7.7/10
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The Warriors (1979)

In the near future, a charismatic leader summons the street gangs of New York City in a bid to take it over. When he is killed, The Warriors are falsely blamed and now must fight their way home while every other gang is hunting them down.

Director:

Walter Hill

Writers:

Sol Yurick (based on the novel by), David Shaber (screenplay by) | 1 more credit »
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Popularity
1,268 ( 504)

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Set against the urban jungle of 1963 New York's gangland subculture, this coming of age teenage movie is set around the Italian gang the Wanderers. Slight comedy, slight High School angst ... See full summary »

Director: Philip Kaufman
Stars: Ken Wahl, Karen Allen, John Friedrich
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Cast

Cast overview, first billed only:
Michael Beck ... Swan
James Remar ... Ajax
Dorsey Wright ... Cleon
Brian Tyler ... Snow
David Harris ... Cochise
Tom McKitterick ... Cowboy
Marcelino Sánchez ... Rembrandt (as Marcelino Sanchez)
Terry Michos ... Vermin
Deborah Van Valkenburgh ... Mercy
Roger Hill ... Cyrus
David Patrick Kelly ... Luther
Lynne Thigpen ... D.J.
Ginny Ortiz ... Candy Store Girl
Mercedes Ruehl ... Policewoman
John Snyder ... Gas Station Man
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Storyline

Cyrus, the leader of the most powerful gang in New York City, the Gramercy Riffs, calls a midnight summit for all the area gangs, with all asked to send nine unarmed representatives for the conclave. A gang called The Warriors are blamed for killing Cyrus as he gives his speech. They now have to cross the territory of rivals in order to get to their own 'hood. The Warriors slowly cross the dangerous Bronx and Manhattan territories, narrowly escaping police and other gangs every step of the way. Written by Anthony Pereyra {hypersonic91@yahoo.com}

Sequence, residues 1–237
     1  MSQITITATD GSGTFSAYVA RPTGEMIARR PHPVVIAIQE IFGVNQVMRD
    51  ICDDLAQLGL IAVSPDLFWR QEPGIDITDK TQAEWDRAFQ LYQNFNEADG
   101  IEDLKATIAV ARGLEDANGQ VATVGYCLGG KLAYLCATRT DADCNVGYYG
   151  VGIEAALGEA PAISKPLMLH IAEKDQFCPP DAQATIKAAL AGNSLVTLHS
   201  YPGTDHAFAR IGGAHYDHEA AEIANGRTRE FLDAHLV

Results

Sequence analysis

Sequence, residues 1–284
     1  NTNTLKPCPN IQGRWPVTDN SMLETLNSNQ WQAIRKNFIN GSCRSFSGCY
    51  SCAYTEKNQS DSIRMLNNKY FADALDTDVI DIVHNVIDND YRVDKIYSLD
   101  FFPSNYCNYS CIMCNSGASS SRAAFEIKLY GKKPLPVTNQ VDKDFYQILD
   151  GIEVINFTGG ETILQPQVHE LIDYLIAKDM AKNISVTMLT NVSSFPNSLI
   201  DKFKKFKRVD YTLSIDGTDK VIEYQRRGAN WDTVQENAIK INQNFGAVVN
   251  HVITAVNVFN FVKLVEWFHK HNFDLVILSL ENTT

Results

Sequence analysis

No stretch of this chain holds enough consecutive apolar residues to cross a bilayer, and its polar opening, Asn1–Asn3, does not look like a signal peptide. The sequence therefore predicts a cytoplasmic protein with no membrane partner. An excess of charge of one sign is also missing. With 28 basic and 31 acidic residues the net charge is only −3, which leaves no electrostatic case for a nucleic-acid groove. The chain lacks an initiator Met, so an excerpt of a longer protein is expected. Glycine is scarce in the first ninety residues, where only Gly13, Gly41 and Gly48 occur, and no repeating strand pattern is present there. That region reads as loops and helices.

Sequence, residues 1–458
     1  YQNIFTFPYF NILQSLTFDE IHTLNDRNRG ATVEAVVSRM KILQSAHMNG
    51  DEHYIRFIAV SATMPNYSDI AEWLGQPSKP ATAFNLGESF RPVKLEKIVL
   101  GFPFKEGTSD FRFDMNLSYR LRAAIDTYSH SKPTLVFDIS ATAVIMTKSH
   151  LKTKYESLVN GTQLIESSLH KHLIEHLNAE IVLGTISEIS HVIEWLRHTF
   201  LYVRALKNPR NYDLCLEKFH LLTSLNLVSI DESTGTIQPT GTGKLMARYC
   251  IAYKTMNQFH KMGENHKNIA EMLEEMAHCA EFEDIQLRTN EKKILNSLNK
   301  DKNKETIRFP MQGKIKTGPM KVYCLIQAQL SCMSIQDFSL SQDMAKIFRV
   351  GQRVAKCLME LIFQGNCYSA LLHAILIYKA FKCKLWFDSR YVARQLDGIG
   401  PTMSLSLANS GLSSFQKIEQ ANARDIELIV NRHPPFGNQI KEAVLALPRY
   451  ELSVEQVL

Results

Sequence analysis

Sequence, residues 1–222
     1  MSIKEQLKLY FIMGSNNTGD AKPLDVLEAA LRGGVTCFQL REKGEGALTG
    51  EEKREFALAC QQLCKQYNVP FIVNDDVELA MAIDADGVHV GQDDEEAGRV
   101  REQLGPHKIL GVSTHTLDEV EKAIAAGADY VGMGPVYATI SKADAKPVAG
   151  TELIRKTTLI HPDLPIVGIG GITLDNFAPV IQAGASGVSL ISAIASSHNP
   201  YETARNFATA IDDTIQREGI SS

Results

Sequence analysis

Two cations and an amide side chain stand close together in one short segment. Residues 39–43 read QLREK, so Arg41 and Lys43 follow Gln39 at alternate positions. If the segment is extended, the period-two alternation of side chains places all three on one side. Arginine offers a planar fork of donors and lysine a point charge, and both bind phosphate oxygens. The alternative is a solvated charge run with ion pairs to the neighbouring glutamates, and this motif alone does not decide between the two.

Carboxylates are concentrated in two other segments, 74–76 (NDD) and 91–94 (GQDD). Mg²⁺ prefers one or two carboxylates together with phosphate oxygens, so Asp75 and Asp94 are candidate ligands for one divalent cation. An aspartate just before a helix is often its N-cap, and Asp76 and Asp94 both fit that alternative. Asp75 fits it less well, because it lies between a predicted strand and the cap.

Plot Summary | Plot Synopsis

Taglines:

These are the Armies of The Night. They are 60,000 strong. They outnumber the cops three to one. They could run New York City. Tonight they're all out to get the Warriors. See more »

Genres:

Action | Crime | Thriller

Motion Picture Rating (MPAA)

Rated R for violence and language | See all certifications »

Parents Guide:

View content advisory »
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Details

Country:

USA

Language:

English

Release Date:

9 February 1979 (USA) See more »

Also Known As:

Les guerriers de la nuit See more »

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Box Office

Budget:

$4,000,000 (estimated)

Opening Weekend USA:

$3,529,675, 11 February 1979, Limited Release

Gross USA:

$22,490,039
See more on IMDbPro »

Company Credits

Production Co:

Paramount Pictures See more »
Show more on IMDbPro »

Technical Specs

Runtime:

Sound Mix:

Mono

Color:

Color

Aspect Ratio:

1.85 : 1
See full technical specs »
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Did You Know?

Trivia

The Warriors aimed to create "tribal feeling of going into battle together, of loyalty, of support and shared goals" and to have "the audiences' sympathy as they fight off all the other gangs in the city". See more »

Goofs